A City Named After a Boot
FOR REASONS THAT his detractors will gladly list, a friend is not big on winning awards. His agonizing bit of self-appraisal occurred on seeing a picture of a dozen or so members of a local tv news department. They were holding armfuls of “best in journalism” plaques. Award-giving must be a good sized subdivision of the media industry.
The friend was given an award once, long ago. It was designed by a hip big-city advertising agency, a solid glass cube in the minimalist style. It doesn’t have an inscription and he can’t remember for what exactly it was given, making it the perfect award to my mind. The enigma now sits proudly on his desk awaiting an aggrandizing story he will invent for his grandchildren.
Oh yes, the friend was asked if he would like a Sagamore on the Wabash. He demurred, channeling Groucho Marc to say he knew people who had won the Sagamore and he would prefer not to be associated with them.
All of that said, the morning paper had news of an award — an honor, actually — that my friend and I I can get behind. A national shoemaker has named a work boot after our hometown. It is “the Fort Wayne” manufactured by Keen Footwear out of Portland, Oregon, of all places.
I cannot imagine anything more rewarding than a market-savvy manufacturer thinking enough of your town’s work ethic to name a boot after it. Here is a blurb from the company web site:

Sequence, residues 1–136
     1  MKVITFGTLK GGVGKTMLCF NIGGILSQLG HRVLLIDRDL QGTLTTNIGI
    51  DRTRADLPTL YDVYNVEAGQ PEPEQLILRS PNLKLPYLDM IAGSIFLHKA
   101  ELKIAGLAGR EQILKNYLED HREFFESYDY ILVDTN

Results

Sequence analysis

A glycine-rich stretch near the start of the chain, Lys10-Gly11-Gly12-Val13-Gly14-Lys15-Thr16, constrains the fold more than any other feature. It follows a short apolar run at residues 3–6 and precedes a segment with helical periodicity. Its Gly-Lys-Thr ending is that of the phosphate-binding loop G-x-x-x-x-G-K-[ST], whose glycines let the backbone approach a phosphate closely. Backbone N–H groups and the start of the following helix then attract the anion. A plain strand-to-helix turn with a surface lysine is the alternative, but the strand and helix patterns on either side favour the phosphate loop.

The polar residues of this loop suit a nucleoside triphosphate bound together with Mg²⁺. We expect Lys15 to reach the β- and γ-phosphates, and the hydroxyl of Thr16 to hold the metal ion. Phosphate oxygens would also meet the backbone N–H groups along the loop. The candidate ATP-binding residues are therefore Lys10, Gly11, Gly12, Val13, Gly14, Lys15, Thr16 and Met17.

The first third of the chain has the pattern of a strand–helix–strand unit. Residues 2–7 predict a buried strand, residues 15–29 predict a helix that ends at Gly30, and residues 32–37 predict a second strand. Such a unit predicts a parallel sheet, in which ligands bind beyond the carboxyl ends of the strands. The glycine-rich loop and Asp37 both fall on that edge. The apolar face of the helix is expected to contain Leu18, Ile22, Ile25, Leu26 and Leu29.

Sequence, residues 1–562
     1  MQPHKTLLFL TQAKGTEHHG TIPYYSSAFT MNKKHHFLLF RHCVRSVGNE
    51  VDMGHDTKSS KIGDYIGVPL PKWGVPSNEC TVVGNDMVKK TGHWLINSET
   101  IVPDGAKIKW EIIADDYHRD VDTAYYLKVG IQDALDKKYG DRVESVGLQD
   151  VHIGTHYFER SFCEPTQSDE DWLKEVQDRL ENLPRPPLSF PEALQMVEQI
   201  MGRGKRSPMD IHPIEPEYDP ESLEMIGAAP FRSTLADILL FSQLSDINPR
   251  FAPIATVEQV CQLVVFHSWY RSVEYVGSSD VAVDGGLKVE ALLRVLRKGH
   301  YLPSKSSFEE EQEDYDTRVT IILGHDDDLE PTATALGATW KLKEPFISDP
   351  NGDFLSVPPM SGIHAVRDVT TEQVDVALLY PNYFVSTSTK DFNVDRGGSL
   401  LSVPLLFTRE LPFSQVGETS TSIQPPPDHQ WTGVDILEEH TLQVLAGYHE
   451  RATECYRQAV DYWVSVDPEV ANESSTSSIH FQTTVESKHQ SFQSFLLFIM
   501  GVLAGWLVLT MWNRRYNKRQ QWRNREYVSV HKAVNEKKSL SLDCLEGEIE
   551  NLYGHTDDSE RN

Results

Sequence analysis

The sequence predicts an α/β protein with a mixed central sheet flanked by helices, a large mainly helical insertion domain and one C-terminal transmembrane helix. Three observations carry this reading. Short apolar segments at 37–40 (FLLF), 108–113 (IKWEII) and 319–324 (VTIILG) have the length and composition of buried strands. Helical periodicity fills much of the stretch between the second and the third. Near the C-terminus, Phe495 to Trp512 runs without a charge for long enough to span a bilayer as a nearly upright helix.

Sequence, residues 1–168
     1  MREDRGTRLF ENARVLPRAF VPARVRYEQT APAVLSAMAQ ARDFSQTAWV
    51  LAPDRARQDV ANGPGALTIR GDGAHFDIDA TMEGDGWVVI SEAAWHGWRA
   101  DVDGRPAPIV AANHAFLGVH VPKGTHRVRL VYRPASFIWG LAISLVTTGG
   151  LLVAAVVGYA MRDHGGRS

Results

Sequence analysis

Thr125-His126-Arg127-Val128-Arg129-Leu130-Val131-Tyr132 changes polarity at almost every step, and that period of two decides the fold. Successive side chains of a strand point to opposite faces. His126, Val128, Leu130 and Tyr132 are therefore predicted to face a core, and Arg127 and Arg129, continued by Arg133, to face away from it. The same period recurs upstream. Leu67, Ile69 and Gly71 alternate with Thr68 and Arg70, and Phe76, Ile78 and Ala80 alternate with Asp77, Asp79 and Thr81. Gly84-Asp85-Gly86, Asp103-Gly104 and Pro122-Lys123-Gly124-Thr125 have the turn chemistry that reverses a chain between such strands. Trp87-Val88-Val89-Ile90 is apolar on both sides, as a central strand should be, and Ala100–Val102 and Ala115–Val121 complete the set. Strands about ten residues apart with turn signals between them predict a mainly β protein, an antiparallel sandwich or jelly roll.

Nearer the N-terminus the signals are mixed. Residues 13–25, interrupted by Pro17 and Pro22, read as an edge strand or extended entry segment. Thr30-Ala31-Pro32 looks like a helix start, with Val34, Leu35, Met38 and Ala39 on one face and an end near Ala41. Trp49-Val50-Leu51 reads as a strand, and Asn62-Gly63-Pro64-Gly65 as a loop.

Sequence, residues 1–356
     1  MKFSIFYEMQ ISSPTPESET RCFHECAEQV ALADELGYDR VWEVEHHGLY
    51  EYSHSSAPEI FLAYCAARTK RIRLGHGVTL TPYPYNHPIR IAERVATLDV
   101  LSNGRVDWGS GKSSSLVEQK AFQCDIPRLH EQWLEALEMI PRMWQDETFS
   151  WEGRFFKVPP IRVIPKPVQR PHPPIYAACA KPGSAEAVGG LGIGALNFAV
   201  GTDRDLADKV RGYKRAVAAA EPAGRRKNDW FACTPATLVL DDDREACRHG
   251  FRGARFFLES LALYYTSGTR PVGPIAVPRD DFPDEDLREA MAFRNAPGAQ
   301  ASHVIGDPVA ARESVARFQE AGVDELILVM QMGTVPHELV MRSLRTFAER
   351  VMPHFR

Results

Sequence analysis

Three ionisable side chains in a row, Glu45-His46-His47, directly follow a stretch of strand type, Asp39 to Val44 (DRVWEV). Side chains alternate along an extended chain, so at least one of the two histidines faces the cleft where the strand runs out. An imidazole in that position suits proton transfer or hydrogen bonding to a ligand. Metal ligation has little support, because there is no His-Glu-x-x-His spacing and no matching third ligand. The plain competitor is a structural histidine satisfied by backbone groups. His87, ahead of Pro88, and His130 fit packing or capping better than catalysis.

“Leave blown-out moccasin toes in the past. Built with innovative stitch protection at the toe where it matters most, the ‘Fort Wayne’ solves an age-old work boot problem. ‘The Fort Wayne’ takes a job-site classic work boot design and reinvents it with sturdy Keen.fusion construction and Keen.protect abrasion resistance at the toe.”
We would rather the company had mentioned the city as the place where television, the gasoline pump and the wire for electric motors were invented and first manufactured. But it did mention “moccasin toes,” perhaps alluding to namesake Gen. Anthony Wayne’s defeat of native American tribes and the opening of the Northwest to white settlement.
But perhaps not.
In any case, the shoe is a worthy symbol of a city once known as a center for innovation and industry. And today’s fashions being what they are, a pair of “Fort Waynes” can be worn with a suit and tie to also reflect the city’s modern reputation as a center for grasping wooden-headed politicians and ruinous economy-development schemes.
You can order a pair on Amazon.com for $200 with the waterproof, carbon-fiber toe in “dark earth” to match the color of our three rivers. There was none available in our local stores.— tcl